I want my gun to shoot where I am looking, I do not want to look where the gun is pointing. I could care less if the mid bead is a figure eight with the front bead or if I see 1/2 space between them.

    The math behind POI/Sight picture/comb is interesting, but as Harold pointed out, we lack the ability to make accurate measurements with just our eyes. It is useful in setting up the gun, but not when shooting the gun. I will make POI adjustments now and then, but I have to shoot around 2,000 targets to evaluate the affects of the change. The units of measurement I use when changing POI is the "screw turn". I have gone as much as 7 screw turns up. I do not have a clue how many screw turns = one inch.

    Pat Ireland
     
  11. hmb

    hmb Well-Known Member

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    Pat,

    It is very important to know how many screw turns = an inch. This way you will know when you are being screwed. If the screw you are turning is a 6x48, then it will move 1 inch per 48 turns. The 6 is the diameter of the screw. Please store this information in your brain for future use. HMB
     
  12. dmarbell

    dmarbell Active Member

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    Harold and Pat,

    I realize I can't make adjustments while in the act of shooting. I'm trying to get an idea of what the picture should look like at the end of the barrel. I should have been more clear about the question. My intentions are to, perhaps, use the Wall Chart for training.

    Can the Chart be used by shooters of different guns without adjustment in the POA? http://www.learntrapshooting.com/leads.html Look at the Chart. It doesn't look like a gun shooting 12" high on these bead positions will be optimal. (To be fair, I don't have the chart or the instructions.) I certainly don't want to groove the wrong sight-line.

    I also realize this discussion is premature without proper patterning of my gun.

    Danny
     
  13. Neil Winston

    Neil Winston Well-Known Member

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    You are getting ahead of yourself again, Danny. You read the instructions on where it was supposed to shoot when you got it, and went from there. The thing is, you can't trust what you read. Not even close.

    Before you decide where it shoots, you have to _test_ where it shoots. As you've read so often here, 13 yards is a good place to start, and off a rest is the only way to do it and with a lot of shots and a notebook at hand.

    With those data in hand, then, and onlly then, can you go back to shooting with some number of inches in your head, but you will find, with experience, that the number itself becomes less and less informational, and will fade, over time, to no more than pretty flat, a little high, or pretty high, which is about all your eye can understand.

    Get out there to the pattern frame and tell us what you find out. We're interested.

    Neil
     
  14. halfmile

    halfmile Well-Known Member

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    Pat, you describ the subconscious act of shooting perfectly. "Let the gun shoot the bird."

    This is what I call "the little guy behind your eyeballs". He is your subconscious. When you first drove a car you were SO attentive, your feet trembling on the pedals, when the car moved an inch you jerked it over a foot. 6 months later you drove with one arm around your girlfriend, and could talk to people in the back seat, well you get the idea. You had turned over the chore of driving to your subconscious mind.

    You have to let the little guy do his job,. When I am shooting badly I usually am using too much conscious control. When I relax and let the little guy do his job it works much better. (Let the gun shoot the bird).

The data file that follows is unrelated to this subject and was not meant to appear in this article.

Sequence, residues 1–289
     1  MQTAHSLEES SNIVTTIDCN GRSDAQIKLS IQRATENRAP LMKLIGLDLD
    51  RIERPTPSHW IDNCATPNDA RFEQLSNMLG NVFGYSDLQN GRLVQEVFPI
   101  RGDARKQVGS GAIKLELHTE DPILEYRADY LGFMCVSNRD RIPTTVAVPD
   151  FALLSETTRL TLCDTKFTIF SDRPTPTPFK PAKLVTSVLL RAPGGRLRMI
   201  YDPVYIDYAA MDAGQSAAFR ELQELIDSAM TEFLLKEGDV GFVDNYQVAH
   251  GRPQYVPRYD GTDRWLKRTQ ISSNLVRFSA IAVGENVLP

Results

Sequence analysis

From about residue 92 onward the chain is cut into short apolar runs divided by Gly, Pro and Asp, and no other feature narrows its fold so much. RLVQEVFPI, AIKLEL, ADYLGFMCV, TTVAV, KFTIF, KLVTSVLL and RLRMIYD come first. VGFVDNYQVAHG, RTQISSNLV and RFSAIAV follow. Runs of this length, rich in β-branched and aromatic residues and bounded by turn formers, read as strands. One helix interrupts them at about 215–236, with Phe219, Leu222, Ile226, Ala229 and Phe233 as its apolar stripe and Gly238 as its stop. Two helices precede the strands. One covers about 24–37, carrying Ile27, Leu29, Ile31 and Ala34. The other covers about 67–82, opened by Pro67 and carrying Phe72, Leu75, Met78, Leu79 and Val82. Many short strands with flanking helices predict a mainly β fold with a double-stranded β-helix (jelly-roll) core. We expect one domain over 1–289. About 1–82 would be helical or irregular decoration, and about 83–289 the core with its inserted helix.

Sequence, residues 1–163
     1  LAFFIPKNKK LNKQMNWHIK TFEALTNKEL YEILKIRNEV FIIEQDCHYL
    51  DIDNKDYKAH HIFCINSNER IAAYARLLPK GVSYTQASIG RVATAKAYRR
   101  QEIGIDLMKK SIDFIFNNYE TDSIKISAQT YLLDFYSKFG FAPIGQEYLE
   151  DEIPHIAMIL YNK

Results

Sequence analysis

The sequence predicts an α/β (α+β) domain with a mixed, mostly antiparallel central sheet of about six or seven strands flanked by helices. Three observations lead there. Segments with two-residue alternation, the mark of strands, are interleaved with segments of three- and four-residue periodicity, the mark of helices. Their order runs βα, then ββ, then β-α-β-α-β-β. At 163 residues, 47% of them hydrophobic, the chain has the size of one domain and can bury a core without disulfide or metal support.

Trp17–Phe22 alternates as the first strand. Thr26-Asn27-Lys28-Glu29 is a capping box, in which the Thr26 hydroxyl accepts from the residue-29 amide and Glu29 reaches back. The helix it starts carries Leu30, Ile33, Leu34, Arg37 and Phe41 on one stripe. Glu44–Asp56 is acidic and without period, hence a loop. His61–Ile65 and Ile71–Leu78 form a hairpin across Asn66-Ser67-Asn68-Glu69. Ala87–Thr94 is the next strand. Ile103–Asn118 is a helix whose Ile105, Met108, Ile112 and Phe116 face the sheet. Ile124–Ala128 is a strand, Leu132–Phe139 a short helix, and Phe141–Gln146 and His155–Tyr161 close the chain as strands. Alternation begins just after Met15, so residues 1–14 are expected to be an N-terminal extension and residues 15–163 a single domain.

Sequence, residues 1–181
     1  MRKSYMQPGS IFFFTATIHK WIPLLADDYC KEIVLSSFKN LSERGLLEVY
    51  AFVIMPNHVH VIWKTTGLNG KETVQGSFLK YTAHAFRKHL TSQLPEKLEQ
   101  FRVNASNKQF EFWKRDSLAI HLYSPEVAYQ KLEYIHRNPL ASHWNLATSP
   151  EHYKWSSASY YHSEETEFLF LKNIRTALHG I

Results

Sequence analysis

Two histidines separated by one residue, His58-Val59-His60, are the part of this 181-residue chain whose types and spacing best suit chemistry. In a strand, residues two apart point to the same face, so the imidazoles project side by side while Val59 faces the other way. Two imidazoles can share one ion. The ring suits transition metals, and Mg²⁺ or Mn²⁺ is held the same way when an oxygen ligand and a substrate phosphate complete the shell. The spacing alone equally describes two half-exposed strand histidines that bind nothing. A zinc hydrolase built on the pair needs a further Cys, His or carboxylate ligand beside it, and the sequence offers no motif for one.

This is why it takes a while to shoot a new gun well, Mr. Little has to learn it.

    If shooting was 100% conscious activity you would have it down after 1 round. Of course this is all just my take on the whole mess.

    HM



    HM
     
  15. phirel

    phirel TS Member

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    HM - I would agree, that in my case, the guy behind my eyes is indeed a little guy.

    Pat Ireland
     
  16. dmarbell

    dmarbell Active Member

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    OK, OK, I'll pattern the gun, and then we'll rejoin the discussion.

    I do have questions on patterning a trap gun, especially about the 13-yard POI part, since I have all your experiences to glean. When shooting from a rest, do you suggest I still sight a figure 8 bead configuration (which is my preferred sight-line so far)? And then, suppose I mark a circle with an "X" thru the center. Do you start by covering the center of the "X" with the front bead?

    At 13-15 yards, are you going to get enough POI change to easily see the differnce? Theoretically, a gun shooting 12" high at 35 yards should be 4-5" high at 13-15. Does that sound about right?

    I guess these are esoteric questions. As long as you know where you are pointing the gun, you can measure the POI from that consistent point.

    Danny
     
  17. Harold

    Harold TS Member

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    Danny,

    I am not an expert on the use of the wall chart, but I think what you want to do is put the bead vertically right on the target, no space between the bead and the target. If this doesn't work when you shoot real, moving targets then you would have to make an adjustment to your comb and adjustable rib, as required.

    When patterning on paper it doesn't matter if you cover the target with the bead, or have the target touching the top of the bead, just so you do it consistently. Your calculations sound about right except if you have a high rib, and/or shooting the bottom barrel you would have to allow for the fact that the line of bore is starting an inch or two, or whatever it is, below the line of sight. Also there will be several inches of drop at 40 yards due to the effects of gravity.
     
  18. whiz white

    whiz white Strong Supporter of Trapshooting Banned

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    ChipKing and Buzzgun are dead one.

    I've shot for 30 years and not sure I could "float" the bird on my bead... hell I never see the bead until after the shot, if I put my mine to it.

    You should be shooting instinctively... with two eyes I hope.

    Just go out and shoot, and shoot, and shoot.

    WW